The Attorney General’s request for the Criminal Court to take action against lawyer and former MP Jason Azzopardi has been refused by the court.
The AG’s request followed a complaint received from the lawyers of Yorgen Fenech, who stands charged before Madam Justice Edwina Grima with masterminding the assassination of journalist Daphne Caruana Galizia.
The lawyers sought to claim on Fenech’s behalf that the chats’ publication violated their client’s right to a fair hearing and his right to private life.
The source of Fenech’s complaint was a newspaper column written by Saviour Balzan and published in MaltaToday on 15 May.
Judge Grima ruled on the AG’s request and held that the WhatsApp chats extracted from Yorgen Fenech’s mobile phone were not such that would properly be protected by law, contrary to the AG’s assertion. The court would not, therefore, take any action against them being published.
In the article on which the AG’s request was ultimately based, Saviour Balzan had claimed that he was facing “constant rumour-mongering, and recently, a blackmail of sorts about WhatsApp chats [extracted from Fenech’s phone] being published” while blaming Jason Azzopardi.
Balzan wrote how he had reported “the leak of Jason Azzopardi” to the police and provided “hard and irrefutable evidence of Azzopardi passing on privileged information (chats) to third parties”.
Fenech’s lawyers were quick to pick up on the article and wrote to Attorney General Victoria Buttigieg on 31 May.
They claimed Azzopardi threatened to publish extracts of the chats “in violation of a court order” and because “the case in question is still before the criminal court of appeal”.
Fenech’s lawyers seized upon Balzan’s article and asserted that the WhatsApp chats had been extracted from Fenech’s phone and presented as evidence in the case against their client.
They added that the “uncontrolled sharing of documents has persisted from the beginning of proceedings to today”. They described Azzopardi as having undertaken “consistent actions in disseminating documents that have been sealed by court order”.
In her application before Judge Grima following receipt of the communication from Fenech’s lawyers, the AG claimed that the WhatsApp chats in question fall under Article 517 (3) of the Criminal Code and asked for appropriate action to be taken by the court to prevent their publication.
By invoking Article 517 (3) of the Criminal Code, Fenech’s lawyers sought to have Azzopardi arrested or summoned for contempt of court.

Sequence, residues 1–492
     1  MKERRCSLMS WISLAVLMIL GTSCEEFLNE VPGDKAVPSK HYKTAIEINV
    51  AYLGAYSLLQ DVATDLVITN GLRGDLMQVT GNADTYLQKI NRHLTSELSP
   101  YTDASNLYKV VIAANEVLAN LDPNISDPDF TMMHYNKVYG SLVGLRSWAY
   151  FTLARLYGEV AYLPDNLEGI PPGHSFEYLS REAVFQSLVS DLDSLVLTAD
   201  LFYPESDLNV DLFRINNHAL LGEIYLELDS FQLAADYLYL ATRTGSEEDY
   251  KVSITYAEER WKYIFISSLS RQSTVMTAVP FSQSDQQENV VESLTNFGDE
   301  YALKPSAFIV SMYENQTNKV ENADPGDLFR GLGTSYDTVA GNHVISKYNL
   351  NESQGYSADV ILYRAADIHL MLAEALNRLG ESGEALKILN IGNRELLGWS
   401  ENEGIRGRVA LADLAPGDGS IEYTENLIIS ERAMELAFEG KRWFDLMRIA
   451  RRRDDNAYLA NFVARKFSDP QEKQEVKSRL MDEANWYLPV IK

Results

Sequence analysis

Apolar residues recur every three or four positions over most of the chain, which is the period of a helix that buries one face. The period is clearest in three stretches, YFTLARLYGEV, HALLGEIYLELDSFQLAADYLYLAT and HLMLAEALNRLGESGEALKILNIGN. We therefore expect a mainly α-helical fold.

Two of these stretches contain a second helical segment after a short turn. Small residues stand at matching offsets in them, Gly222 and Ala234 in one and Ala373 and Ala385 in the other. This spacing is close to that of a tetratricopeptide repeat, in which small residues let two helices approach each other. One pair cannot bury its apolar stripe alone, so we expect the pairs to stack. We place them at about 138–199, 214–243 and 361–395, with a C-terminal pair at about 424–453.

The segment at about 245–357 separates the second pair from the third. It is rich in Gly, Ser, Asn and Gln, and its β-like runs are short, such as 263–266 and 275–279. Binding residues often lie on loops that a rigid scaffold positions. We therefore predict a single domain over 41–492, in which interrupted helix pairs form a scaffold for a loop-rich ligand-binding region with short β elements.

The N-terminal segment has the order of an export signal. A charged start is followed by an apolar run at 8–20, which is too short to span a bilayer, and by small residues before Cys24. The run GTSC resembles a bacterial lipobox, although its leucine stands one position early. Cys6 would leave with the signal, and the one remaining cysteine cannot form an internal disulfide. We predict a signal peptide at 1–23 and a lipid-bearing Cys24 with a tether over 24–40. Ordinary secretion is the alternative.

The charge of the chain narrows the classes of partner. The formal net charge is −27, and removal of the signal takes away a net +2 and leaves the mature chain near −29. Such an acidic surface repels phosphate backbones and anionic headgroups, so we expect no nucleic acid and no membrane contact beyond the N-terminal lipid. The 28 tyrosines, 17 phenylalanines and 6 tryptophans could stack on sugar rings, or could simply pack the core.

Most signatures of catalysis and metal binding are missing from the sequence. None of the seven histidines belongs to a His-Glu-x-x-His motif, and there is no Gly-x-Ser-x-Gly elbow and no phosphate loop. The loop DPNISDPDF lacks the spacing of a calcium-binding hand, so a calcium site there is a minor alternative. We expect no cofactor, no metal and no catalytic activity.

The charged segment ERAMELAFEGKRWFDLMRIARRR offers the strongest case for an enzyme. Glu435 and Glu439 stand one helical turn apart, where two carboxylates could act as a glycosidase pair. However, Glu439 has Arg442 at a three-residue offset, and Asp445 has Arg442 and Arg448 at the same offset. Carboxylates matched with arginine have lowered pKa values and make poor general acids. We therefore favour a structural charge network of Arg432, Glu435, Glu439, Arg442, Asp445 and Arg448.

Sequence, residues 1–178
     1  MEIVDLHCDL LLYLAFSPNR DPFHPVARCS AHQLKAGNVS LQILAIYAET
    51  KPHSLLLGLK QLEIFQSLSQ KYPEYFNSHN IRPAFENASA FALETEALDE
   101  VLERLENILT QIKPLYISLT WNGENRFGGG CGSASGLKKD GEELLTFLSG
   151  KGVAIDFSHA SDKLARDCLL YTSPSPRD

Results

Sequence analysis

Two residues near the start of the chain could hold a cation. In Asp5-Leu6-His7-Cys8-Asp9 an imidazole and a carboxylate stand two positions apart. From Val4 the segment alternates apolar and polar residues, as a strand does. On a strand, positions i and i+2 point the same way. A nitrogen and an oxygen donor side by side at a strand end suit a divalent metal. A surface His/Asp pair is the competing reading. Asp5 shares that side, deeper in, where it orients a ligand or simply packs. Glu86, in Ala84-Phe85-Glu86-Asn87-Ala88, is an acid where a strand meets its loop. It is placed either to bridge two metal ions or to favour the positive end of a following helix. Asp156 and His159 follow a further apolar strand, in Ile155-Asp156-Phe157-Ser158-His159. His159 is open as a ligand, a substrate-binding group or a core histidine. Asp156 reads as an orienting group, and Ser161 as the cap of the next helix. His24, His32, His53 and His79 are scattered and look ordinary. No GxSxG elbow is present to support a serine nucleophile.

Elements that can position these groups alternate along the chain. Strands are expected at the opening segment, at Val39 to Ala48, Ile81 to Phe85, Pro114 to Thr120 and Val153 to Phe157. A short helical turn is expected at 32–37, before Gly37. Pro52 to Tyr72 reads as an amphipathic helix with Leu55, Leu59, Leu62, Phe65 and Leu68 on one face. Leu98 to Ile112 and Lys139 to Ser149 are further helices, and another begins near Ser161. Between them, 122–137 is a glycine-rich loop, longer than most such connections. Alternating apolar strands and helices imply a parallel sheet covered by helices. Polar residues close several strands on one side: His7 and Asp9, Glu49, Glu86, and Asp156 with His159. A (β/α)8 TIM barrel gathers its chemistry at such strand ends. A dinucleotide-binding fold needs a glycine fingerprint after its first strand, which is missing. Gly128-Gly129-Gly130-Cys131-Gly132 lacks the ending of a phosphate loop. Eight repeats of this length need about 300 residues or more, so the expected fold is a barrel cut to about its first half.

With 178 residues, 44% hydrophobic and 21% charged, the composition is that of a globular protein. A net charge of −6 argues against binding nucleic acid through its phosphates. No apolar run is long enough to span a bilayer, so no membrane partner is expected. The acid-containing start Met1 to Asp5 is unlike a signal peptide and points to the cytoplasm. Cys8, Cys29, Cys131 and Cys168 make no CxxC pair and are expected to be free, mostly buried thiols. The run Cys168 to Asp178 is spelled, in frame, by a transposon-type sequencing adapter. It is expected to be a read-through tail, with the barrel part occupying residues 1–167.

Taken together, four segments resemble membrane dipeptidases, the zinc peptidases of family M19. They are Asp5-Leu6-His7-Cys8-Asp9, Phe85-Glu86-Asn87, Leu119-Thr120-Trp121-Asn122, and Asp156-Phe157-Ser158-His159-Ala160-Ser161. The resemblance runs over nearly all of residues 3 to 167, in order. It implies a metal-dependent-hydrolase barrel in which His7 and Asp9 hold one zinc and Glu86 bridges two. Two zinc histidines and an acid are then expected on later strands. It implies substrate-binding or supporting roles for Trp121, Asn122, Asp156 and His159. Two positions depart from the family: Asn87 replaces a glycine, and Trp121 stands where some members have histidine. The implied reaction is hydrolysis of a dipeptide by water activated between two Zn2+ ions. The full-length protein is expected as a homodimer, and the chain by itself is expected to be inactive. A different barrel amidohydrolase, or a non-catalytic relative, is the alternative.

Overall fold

That provision says that if the Attorney General or the Police “become aware of the publication of any writing in contravention of this article, they shall inform the court by which the order of prohibition was made and shall carry out such directions as the court shall give, orally or in writing, for proceedings to be taken before the court against the offender, either by summons or by arrest”.
Broadly speaking, Article 517 addresses documents that have had their publication banned by the court and stipulates that anyone found guilty of violating such a ban would be guilty of contempt of the court’s authority.
Judge Grima, however, dismissed the request outright in a decree she gave the very next day.
She ruled, without delving into the specific rationale behind the decree, that the WhatsApp chats “do not qualify as a publication which the law speaks of in Article 517 of the Criminal Code, [and] it is considered that no steps can be taken based on the said provision of the law by the Court”.
The ruling has broader implications than would appear to be the case at first glance.
In March, author Mark Camilleri published around 2,200 WhatsApp messages between Fenech and former Labour MP Rosianne Cutajar, many of an intimate nature but others that lifted the lid on widespread political graft, corruption and sleaze.
Cutajar’s lawyers at the time demanded the AG request an investigation into the leaks, which was accepted.
The police confirmed the messages formed part of evidence filed before Judge Grima in criminal proceedings against Fenech and that they were subject to a November 2021 ban on their publication.
Camilleri was facing the prospect of imprisonment of up to one month and a fine of up to €4,000 if found guilty.
It now appears that Camilleri will be able to argue that he has been let off the hook by Judge Grima’s ruling. It can be argued that since the substance of the AG’s failed application is inherently identical to the rationale underlying his prosecution, there is no reason to find any criminal liability in his regard.
In a wider sense, it is becoming even more apparent that the publication of such WhatsApp messages that do not impact the criminal case against Yorgen Fenech should no longer be considered a “no go” area.
The ban, as interpreted by some, can only be seen, especially in the light of Judge Grima’s ruling, as being excessively restrictive on the fundamental right to information that is in the public interest.
From what has already been exposed, and from what many media operators know but to date have been reluctant to publish, there is much in the WhatsApp chats that have nothing to do with the Fenech case but which demands to be published in the public interest.